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. Last Updated: 07/27/2016

Fair Play Does Not Pay For IBM Russian Plant

No one tells IBM how to make computers on foreign soil. It has more foreign offices and foreign employees than any other computer company. If any foreign company is going to be successful in making computers in Russia it should be IBM. But IBM's PC-assembly venture at Kvant in Zelenograd is unable to turn out PCs at prices any lower than those obtained by Russian distributors importing from IBM's own factories in Scotland. What has gone wrong?

After three years of looking for creative solutions IBM is now facing the fact that any PC-assembly company in this country legally importing all of its components and paying all of its taxes cannot be profitable.

Russian sales tax (20 percent) and Special Tax (1.5 percent) is charged on all goods entering the country. The import duty on personal computer components averages from 8 percent to 9 percent. This makes a total payment of about 30 percent for all the components necessary to make a computer. This payment is basically the same as what should be paid to import a complete PC system.

These charges are so high that the incidence of tax and duty evasion by computer importers is believed to be over 90 percent. Any company which plays only by the rules finds itself at a huge competitive disadvantage. IBM always plays by the rules.

IBM began assembling PCs at the Kvant plant in Zelenograd in 1993. Today the venture remains the biggest investment here by a Western company in local computer production, and the only production facility in Russia producing international brand-name PCs in volume.

Even in 1992 the tax and duty regimes were weighted against companies assembling PCs in Russia. In recognition of this problem the federal government issued a decree in 1992 exempting components imported by IBM from all import duties. But the decree was repelled by the State Duma before it was enforced and the government made no efforts to reinstate it.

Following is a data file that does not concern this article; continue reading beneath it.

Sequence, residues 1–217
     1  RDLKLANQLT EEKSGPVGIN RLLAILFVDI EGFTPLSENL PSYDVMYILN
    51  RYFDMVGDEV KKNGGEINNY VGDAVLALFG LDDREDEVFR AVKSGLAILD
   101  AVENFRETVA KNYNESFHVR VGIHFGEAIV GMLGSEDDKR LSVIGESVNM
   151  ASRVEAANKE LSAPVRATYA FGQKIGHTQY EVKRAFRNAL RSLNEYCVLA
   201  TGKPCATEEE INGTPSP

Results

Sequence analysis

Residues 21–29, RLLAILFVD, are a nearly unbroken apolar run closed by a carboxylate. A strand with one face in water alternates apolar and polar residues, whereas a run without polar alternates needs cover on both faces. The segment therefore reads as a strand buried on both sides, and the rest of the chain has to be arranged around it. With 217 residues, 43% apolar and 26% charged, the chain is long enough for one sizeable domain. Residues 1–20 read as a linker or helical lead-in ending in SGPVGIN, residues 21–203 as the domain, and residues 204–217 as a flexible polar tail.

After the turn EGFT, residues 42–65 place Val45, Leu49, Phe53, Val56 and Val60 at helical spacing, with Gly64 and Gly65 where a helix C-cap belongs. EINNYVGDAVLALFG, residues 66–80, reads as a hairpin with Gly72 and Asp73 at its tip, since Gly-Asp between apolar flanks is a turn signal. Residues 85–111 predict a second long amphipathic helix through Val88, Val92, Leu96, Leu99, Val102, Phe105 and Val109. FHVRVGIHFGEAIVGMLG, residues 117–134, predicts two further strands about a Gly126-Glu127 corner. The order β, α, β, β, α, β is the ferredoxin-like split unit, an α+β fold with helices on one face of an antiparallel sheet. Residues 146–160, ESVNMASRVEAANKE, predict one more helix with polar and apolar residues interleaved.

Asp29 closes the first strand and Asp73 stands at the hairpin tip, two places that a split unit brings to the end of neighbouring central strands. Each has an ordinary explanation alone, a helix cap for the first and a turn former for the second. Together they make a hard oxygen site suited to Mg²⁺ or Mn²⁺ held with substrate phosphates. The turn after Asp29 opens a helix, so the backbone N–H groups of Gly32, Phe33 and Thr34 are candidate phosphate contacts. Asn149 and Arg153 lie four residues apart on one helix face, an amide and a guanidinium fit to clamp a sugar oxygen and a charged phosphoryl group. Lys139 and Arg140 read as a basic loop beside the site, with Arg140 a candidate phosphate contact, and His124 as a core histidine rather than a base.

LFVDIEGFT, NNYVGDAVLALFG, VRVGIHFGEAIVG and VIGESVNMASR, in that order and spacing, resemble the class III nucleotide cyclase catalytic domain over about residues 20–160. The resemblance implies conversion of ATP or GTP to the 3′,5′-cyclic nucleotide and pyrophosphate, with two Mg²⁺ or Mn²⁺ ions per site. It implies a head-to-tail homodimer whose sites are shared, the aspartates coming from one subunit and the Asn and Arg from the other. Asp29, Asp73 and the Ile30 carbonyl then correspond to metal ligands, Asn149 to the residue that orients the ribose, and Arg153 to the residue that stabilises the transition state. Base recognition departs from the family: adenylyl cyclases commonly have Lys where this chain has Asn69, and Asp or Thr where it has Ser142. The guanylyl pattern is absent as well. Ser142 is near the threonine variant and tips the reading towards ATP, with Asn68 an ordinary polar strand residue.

To make the factory's output competitive, IBM had to invest sizable sums in equipment and training to bring the Kvant operation up to its own high standards. Their risk was at the time balanced by promises from Moscow Mayor Yury Luzhkov, who said that for two years after the foundation of the venture, the Moscow government would buy up to 100,000 computers per year -- effectively the full capacity of the factory. Yet after much paperwork the city government bought only a few hundred PCs from IBM.

When this situation became apparent, IBM representatives approached the Finance Ministry, the Economics Ministry and other government bodies for help. They asked what incentives they could offer a foreign company to assemble in Russia -- and apparently never once received a single positive reply.

Russia is not the only large developing computer market in the world. IBM's other important emerging markets are China, South Asia, Africa, Central Europe, Southeast Asia and parts of Latin America. It is these regions which are now getting the investment cash Russia's leaders have successfully turned away. Russia needs the involvement of multinational companies like IBM in local manufacturing not only to create jobs for people assembling PCs, but also to generate spin-off contracts for local hardware and software companies. This would help raise the computer market as a whole. Russia has the intellectual potential to become a real force in the world computer business. But while it remains just a marketplace for foreign imports that potential is unlikely to be ever realized.

Robert Farish is the editor of Computer Business Russia, fax: 198-6207, Internet e-mail:

This promise is enshrined in a decree issued by the Moscow city government in 1992.

In the corridors of power there was apparently no interest whatsoever in the subject.